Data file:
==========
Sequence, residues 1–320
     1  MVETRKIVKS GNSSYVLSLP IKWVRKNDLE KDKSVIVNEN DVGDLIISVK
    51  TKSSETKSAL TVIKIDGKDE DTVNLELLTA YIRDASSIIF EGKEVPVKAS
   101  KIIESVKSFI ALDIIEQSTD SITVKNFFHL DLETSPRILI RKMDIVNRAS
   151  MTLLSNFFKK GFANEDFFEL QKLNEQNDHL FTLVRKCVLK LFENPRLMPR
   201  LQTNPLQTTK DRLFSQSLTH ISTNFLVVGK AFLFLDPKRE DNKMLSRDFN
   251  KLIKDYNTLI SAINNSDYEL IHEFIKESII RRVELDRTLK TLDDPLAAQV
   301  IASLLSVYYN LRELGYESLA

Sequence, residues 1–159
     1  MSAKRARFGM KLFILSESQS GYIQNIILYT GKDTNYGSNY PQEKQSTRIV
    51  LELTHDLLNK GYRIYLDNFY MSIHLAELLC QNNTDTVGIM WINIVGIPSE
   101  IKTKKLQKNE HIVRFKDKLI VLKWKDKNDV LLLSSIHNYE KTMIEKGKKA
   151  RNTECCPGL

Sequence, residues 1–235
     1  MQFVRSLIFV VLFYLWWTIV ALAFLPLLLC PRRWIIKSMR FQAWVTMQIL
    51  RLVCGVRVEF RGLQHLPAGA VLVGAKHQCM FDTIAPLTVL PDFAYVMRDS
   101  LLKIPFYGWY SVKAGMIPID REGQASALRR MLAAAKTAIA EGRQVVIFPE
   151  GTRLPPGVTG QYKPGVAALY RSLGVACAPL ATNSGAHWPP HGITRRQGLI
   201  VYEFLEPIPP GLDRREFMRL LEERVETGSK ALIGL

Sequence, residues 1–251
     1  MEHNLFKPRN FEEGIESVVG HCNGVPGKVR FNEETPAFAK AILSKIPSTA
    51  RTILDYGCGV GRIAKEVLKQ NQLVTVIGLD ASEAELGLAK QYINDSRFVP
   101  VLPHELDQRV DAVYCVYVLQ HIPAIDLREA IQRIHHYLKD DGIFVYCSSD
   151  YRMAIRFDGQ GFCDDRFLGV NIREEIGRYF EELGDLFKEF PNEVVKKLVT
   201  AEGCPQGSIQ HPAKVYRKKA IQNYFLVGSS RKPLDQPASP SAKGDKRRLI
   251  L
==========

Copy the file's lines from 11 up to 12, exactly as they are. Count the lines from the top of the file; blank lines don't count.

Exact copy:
    51  LELTHDLLNK GYRIYLDNFY MSIHLAELLC QNNTDTVGIM WINIVGIPSE
   101  IKTKKLQKNE HIVRFKDKLI VLKWKDKNDV LLLSSIHNYE KTMIEKGKKA